Conversational Solfege is a curriculum for developing music literacy skills. It is organized around increasingly complex rhythmic and melodic content. Each new rhythmic or melodic element is discovered first in patterns and then reinforced with folk songs, rhymes, and classical examples. This CD provides 29 classical selections referenced in Conversational Solfege Level 3.
These examples provide reinforcement for emerging literacy skills, and they also enable students to listen to wonderful classical examples with greater attention.
Listening to classical music can be challenging for elementary students. With nothing to hang onto, the many notes can be too much to comprehend and attention soon wanes. But with minimal literacy skills, students will have enough musical information to discover that classical music can be accessible and appealing.
In the booklet, timings are given for each selection. The portions of the music that are readable by the students are reproduced.
Whether using this CD with Conversational Solfege instructional materials or simply as a resource of classical music with simple-to-read rhythmic and melodic material, both teachers and students will delight in discovering this wonderful music through literacy.
Conversational Solfege Unit 14: 1. March of the Toreadors • Georges Bizet; 2. Slavonic Dance • Antonín Dvorák; 3. Russian Dance • Igor Stravinsky; 4. Dance of the Reed Pipes • Peter Tchaikovsky
Conversational Solfege Unit 15: 5. Morning • Edvard Grieg; 6. Minuet • George Frideric Handel; 7. Waltz • Johann Strauss II; 8. Minuet in G • J. S. Bach
Conversational Solfege Unit 18: 9. Westminster Chimes; 10. Ode to Joy • Ludwig van Beethoven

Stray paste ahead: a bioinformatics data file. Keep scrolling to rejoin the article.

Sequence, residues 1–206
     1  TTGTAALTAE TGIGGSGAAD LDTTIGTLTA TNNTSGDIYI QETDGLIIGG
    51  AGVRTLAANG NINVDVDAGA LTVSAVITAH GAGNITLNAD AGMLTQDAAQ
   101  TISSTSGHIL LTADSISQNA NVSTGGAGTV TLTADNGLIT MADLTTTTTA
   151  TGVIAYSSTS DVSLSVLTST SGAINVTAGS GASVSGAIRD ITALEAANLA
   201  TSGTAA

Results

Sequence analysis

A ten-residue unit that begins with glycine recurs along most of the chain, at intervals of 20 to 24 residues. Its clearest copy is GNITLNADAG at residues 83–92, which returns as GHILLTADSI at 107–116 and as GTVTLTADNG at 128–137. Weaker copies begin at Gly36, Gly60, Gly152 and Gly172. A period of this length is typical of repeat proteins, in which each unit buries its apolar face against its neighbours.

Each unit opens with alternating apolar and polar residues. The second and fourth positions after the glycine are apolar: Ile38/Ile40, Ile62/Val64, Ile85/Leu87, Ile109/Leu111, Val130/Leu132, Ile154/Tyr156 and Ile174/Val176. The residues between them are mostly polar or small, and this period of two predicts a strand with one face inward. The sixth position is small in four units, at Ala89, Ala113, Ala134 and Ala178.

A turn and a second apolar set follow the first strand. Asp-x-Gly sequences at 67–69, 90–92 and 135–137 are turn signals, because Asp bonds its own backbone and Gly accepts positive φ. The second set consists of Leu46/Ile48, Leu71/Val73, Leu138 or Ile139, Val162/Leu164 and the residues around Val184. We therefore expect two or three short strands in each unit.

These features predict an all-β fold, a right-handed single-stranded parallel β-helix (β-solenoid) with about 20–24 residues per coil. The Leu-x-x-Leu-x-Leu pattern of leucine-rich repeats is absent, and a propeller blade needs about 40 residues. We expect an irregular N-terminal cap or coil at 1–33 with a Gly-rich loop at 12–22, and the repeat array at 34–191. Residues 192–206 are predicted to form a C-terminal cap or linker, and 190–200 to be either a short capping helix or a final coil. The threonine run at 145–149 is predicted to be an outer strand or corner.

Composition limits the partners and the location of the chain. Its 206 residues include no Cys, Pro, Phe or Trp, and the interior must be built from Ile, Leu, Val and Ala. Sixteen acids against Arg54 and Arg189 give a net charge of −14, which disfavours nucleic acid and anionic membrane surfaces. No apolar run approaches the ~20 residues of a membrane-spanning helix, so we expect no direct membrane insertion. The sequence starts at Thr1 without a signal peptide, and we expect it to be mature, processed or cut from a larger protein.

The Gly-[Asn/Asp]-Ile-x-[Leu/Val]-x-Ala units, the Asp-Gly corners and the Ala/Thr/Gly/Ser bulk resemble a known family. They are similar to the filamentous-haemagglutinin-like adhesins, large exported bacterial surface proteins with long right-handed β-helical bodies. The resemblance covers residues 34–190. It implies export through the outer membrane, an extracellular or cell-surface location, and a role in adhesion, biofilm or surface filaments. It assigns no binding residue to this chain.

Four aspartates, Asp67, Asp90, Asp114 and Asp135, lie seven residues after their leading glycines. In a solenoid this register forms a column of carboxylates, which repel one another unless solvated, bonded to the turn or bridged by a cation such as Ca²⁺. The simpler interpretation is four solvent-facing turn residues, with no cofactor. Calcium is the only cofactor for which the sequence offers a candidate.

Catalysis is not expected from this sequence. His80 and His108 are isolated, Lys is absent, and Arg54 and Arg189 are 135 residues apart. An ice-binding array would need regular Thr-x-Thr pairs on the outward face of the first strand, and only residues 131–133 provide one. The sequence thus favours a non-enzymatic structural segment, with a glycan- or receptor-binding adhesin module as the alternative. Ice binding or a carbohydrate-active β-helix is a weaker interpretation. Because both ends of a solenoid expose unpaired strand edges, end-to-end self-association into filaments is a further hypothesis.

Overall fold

Conversational Solfege Unit 20: 11. The Moldau • Bedrich Smetana; 12. The Wild Horseman • Robert Schumann; 13. Anitra’s Dance • Edvard Grieg
Conversational Solfege Unit 22: 14. Violin Concerto in D • Ludwig van Beethoven; 15. Symphony No. 6 • Ludwig van Beethoven; 16. Roses from the South • Johann Strauss II; 17. Symphony No. 1 • Johannes Brahms; 18. Polovtsian Dance • Alexander Borodin; 19. Eine Kleine Nachtmusik • Wolfgang Amadeus Mozart; 20. Etude for Piano • Frédéric Chopin
Conversational Solfege Unit 23: 21. Natoma’s Dagger Dance • Victor Herbert
Conversational Solfege Unit 24: 22. Ground in D Major • Henry Purcell
Conversational Solfege Unit 25: 23. Violin Concerto in D • Ludwig van Beethoven; 24. Sumer Is Icumen In; 25. Symphony No. 9, “From the New World” • Antonin Dvorak
Conversational Solfege Unit 26: 26. Pachelbel Canon • Johann Pachelbel; 27. Kaiser Waltz • Johann Strauss II; 28. Marmotte • Ludwig van Beethoven; 29. Autumn — Four Seasons • Antonio Vivaldi
John M. Feierabend, PhD, has spent decades compiling songs and rhymes from the memories of the American people, in hopes that those treasures would be preserved for future generations. Those resources have served as the basis of his two music education curricula: First Steps in Music and Conversational Solfege. John Feierabend is Professor Emeritus and former Director of Music Education at The Hartt School of the University of Hartford.